Photo: Chris Gordon
At Kettler Capitals Iceplex on Sunday morning, a dozen reporters and three photographers watched Evgeny Kuznetsov skate around for 45 minutes. It was eight in the morning and he was the only player on the ice. Fans held up signs welcoming him in Russian and wore his KHL jersey in the stands. The day before, Kuznetsov had signed a two-year entry-level contract with Washington, ending a four year battle to bring him over from the KHL after being drafted 26th overall by the Capitals in 2010.
“My contract is over,” Kuznetsov told reporters gathered in the Kettler conference room. “I’m excited. All is good.”
“Any hockey player wants to play in the NHL, wants to win the Cup,” he added. “It’s my dream to play in the NHL. I’m happy to see you. I’m ready 100 percent. I want to play.”
Seeing Kuznetsov skate was a surreal experience, a testament to the hype surrounding the young Russian. On Saturday, Caps general manager George McPhee compared it to a sighting of the Loch Ness Monster. McPhee says Kuznetsov has unknown potential. But, of course, that’s the thing. We don’t really know what Kuznetsov can do in the NHL. He was the star of the 2011 World Junior Championships, registering 11 points in seven games playing on an NHL-sized rink. Kuznetsov, though, is also the same player who struggled this year in the KHL, scoring just eight goals. Now, he’ll have to adjust to smaller ice.
“Not best season,” Kuznetsov said of his time in the KHL this year. “It’s a new year for me.”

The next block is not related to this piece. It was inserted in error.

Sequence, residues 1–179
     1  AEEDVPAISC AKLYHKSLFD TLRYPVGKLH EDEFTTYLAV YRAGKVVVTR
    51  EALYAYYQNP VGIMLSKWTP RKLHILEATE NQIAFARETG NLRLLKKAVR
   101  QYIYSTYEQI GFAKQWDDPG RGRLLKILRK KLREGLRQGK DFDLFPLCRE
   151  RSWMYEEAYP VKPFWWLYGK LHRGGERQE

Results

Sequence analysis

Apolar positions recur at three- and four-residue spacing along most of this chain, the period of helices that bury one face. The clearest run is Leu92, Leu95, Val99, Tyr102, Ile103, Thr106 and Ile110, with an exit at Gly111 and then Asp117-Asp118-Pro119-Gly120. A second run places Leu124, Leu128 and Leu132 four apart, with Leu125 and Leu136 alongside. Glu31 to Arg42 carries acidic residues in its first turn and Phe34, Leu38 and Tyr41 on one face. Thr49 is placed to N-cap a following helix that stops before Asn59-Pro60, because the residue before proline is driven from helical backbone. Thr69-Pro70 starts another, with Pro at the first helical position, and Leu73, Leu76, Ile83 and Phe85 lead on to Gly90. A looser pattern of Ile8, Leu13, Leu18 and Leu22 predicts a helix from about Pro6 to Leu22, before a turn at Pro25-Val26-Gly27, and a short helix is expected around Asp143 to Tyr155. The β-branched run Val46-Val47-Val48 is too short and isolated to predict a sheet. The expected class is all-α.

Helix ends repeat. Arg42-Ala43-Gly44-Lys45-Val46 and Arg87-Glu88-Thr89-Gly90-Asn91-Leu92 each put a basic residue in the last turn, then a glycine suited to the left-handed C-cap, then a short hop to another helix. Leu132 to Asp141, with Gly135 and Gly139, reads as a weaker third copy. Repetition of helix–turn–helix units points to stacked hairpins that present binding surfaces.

“If you’re a good hockey player, it doesn’t matter where you play — big ice or small ice,” he added.
Monday night, we’ll start to find out where Kuznetsov is. After being in America for just two days, he is expected to suit up against the Pittsburgh Penguins, as the Capitals desperately scratch for points.
“If coach say I play, I play,” Kuznetsov said. “Everybody wants to win — every game, every time, every minute.”
“You don’t want to win, you don’t need to practice,” he concluded.
The Caps have waited on Kuznetsov for four years. Yesterday, McPhee said he thought the Russian could have played for the Caps right after being drafted in 2010. Instead, Kuznetsov decided to stay in his hometown of Chelyabinsk, successively putting off the Caps year after year. Before this season, however, Kuznetsov decided he was ready, telling McPhee as much when the general manager came to visit him. He got Traktor to agree to void his contract after they failed to make the playoffs, finally prepared to make the jump at 21.
“I’m so excited to play with these guys on the team,” Kuznetsov said. “Backie and Ovi, I think, best ten player in the world.”
Kuznetsov will eased into the Caps. McPhee said yesterday he wasn’t sure if Kuznetsov would play six or 12 minutes in tomorrow’s game. Kuznetsov’s English, too, is somewhat shaky. He giggled and joked through his opening meeting with reporters, but sometimes had to rely on Caps PR man Sergey Kocharov to convey what he wanted to say.
“Yesterday, my first interview in English,” Kuznetsov said. “I not ready. Today my second. I’m a little scared. I sweat.”
Kuznetsov is also staying with Alex Ovechkin for the first month, getting settled before his wife Nastia and Yorkshire terrier Julietta travel over.
“My parents say thanks Alex,” Kuznetsov said. “Maria is good cook.”
Russian Machine Never Breaks is not associated with the Washington Capitals; Monumental Sports, the NHL, or its properties. Not even a little bit.
All original content on russianmachineneverbreaks.com is licensed under Creative Commons Attribution-NonCommercial-ShareAlike 3.0 Unported (CC BY-NC-SA 3.0)– unless otherwise stated or superseded by another license. You are free to share, copy, and remix this content so long as it is attributed, done for noncommercial purposes, and done so under a license similar to this one.